The third issue I have is the miter gauge knob was not very comfortable on my fingers and whole gauge didn’t slide very well in the track. I felt a little uneasy having my hands that close to the blade with something that didn’t slide with ease.

Lastly the fourth issue is with the plastic guard. First time I turned it on it had scraped the side of the guard a little until I tweak the position of that. Also the rectangle guard on the top where you tighten the screw had cracked a little to easy.

I know most woodworkers probably would overlook or not even use something like this. I was personally looking for a cheap, simple option with a small footprint and I feel I wasted my time and money buying this item. I will be returning it to the store in the next few days.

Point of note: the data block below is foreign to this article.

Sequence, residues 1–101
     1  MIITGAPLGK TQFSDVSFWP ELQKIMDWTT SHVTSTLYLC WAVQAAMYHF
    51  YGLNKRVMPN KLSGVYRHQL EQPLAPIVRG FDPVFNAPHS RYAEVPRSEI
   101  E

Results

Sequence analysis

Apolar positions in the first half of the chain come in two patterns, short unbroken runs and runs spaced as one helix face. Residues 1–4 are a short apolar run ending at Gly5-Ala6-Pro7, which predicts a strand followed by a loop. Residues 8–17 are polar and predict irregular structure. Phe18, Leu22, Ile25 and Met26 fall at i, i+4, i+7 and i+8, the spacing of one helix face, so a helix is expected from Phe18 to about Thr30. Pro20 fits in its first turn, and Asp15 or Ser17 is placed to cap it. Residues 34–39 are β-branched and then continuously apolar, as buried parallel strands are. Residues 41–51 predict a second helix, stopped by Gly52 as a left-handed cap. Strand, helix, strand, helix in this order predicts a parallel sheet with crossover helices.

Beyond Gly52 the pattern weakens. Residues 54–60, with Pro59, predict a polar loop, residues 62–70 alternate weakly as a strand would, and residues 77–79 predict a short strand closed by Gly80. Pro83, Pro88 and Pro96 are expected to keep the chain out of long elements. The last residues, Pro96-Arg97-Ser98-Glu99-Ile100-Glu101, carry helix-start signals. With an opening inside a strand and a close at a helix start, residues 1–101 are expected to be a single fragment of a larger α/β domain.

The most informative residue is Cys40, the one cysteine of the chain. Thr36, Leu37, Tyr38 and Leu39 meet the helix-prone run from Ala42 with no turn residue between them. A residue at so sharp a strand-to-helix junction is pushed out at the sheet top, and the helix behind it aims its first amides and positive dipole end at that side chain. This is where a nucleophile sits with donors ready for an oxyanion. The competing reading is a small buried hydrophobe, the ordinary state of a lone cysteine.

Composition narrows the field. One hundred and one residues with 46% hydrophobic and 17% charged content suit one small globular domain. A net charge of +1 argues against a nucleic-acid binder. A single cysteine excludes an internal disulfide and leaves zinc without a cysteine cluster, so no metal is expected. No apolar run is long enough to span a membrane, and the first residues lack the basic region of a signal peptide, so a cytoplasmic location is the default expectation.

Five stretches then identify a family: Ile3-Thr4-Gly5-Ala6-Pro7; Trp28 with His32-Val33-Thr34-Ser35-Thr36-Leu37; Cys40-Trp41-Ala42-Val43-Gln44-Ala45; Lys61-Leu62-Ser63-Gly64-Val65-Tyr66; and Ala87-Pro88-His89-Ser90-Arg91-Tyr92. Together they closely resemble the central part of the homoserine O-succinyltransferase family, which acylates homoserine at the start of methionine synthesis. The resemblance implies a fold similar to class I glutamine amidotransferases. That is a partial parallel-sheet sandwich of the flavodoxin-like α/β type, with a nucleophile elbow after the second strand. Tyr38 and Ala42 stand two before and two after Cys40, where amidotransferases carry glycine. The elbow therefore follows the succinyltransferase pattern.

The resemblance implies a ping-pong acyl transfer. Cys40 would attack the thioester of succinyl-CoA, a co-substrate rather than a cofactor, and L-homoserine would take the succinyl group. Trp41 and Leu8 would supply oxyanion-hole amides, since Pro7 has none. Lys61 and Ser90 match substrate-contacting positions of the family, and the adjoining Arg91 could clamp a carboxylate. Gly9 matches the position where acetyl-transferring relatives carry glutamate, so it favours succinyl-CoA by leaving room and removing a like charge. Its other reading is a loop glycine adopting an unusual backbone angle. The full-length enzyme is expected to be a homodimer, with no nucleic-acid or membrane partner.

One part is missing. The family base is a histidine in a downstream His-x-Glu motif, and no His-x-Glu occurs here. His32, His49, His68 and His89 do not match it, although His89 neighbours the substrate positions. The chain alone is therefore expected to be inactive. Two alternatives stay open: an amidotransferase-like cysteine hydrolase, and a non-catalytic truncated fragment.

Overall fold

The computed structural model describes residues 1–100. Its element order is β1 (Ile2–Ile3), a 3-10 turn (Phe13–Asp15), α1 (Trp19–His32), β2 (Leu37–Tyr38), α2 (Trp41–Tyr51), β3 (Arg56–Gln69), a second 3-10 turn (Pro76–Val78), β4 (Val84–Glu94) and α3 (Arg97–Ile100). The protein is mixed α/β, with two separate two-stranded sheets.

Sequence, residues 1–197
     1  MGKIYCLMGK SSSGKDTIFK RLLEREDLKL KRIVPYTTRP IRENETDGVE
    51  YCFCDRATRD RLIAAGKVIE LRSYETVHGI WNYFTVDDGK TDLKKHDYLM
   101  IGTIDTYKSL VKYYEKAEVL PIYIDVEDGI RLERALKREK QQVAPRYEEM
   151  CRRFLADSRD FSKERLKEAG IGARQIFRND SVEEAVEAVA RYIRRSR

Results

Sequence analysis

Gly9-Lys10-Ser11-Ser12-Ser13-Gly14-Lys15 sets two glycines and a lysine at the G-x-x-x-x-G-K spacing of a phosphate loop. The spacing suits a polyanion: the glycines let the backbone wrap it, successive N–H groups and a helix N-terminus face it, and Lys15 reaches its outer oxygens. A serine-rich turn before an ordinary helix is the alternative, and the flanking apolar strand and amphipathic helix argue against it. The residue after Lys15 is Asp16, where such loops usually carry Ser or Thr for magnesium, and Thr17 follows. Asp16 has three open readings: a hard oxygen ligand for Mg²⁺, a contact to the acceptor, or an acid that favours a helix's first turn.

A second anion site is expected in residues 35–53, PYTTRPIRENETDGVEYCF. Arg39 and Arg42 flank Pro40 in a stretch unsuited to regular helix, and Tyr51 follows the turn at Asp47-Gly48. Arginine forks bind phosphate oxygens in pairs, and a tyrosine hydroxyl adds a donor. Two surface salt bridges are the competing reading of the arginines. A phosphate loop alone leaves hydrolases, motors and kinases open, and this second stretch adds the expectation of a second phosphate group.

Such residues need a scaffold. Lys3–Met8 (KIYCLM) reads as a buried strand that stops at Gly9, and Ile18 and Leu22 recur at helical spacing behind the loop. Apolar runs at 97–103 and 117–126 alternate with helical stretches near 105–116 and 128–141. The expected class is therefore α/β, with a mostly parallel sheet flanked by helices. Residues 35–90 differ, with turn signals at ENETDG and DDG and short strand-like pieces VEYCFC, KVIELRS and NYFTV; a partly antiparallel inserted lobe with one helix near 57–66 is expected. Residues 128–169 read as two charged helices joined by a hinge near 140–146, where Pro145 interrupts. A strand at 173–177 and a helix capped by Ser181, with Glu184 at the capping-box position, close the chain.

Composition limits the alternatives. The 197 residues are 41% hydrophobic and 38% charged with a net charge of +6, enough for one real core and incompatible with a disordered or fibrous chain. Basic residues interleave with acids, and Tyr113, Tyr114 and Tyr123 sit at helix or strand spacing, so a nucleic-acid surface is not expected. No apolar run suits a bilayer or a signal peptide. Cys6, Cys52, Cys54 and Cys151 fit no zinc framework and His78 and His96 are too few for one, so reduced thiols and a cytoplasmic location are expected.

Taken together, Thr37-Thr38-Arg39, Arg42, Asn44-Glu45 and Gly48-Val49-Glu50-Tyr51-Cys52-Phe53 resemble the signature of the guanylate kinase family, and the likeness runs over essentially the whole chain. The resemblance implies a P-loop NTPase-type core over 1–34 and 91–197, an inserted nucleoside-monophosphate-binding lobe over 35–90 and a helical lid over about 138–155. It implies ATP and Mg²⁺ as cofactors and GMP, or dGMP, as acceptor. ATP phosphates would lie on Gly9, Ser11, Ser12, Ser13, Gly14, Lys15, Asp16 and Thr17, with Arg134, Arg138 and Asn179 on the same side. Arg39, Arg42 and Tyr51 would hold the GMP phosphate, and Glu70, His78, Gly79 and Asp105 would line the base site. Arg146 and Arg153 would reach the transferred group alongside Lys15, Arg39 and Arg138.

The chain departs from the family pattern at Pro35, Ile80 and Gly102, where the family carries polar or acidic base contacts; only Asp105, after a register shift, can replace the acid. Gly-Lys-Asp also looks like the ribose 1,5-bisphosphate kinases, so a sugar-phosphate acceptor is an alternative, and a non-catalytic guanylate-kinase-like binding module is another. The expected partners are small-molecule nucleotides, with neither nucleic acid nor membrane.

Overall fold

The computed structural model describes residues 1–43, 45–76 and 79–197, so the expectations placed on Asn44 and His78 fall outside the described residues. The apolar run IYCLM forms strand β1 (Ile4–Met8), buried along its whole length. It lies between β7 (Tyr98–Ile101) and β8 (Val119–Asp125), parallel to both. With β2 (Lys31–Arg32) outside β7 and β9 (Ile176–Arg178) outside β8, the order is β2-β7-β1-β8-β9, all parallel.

It looked like a cute and neat little saw at a good price but with it’s deficiencies it wasn’t worth the time and concern of my safety and quality of work.

My bottom line with it is save your money and find something else. If it was able to cut one pass all the way through the pen blank and not bog down at all I would be happy with this item. It did not deliver on that unfortunately.

Pros: Cheap Cost Small Design

Cons: Cheap Design Unable to cut 3/4” or above

Product Description from website.

For quick and easy cutting operations. Perfect for picture frames, molding, and plastics.

  • Maximum depth of cut at 90°: 3/4’‘
  • Includes blade guard and adjustable angle plate
  • Blade capacity: 4’‘
  • Comes with one 4” diamond blade and one 4” maganese steel saw blade

Motor: 0.9 amps @ 110 volts, 14,000 RPM
Power cord: 6 ft
Table: 7-5/8’’ x 5-5/8’’ x 6-1/2’’; includes two miter slots
Weight: 6 lbs.

-- ~Larry Columbus, OH




View LarryDNJR's profile

LarryDNJR

209 posts in 1677 days



24 comments so far

View WayneC's profile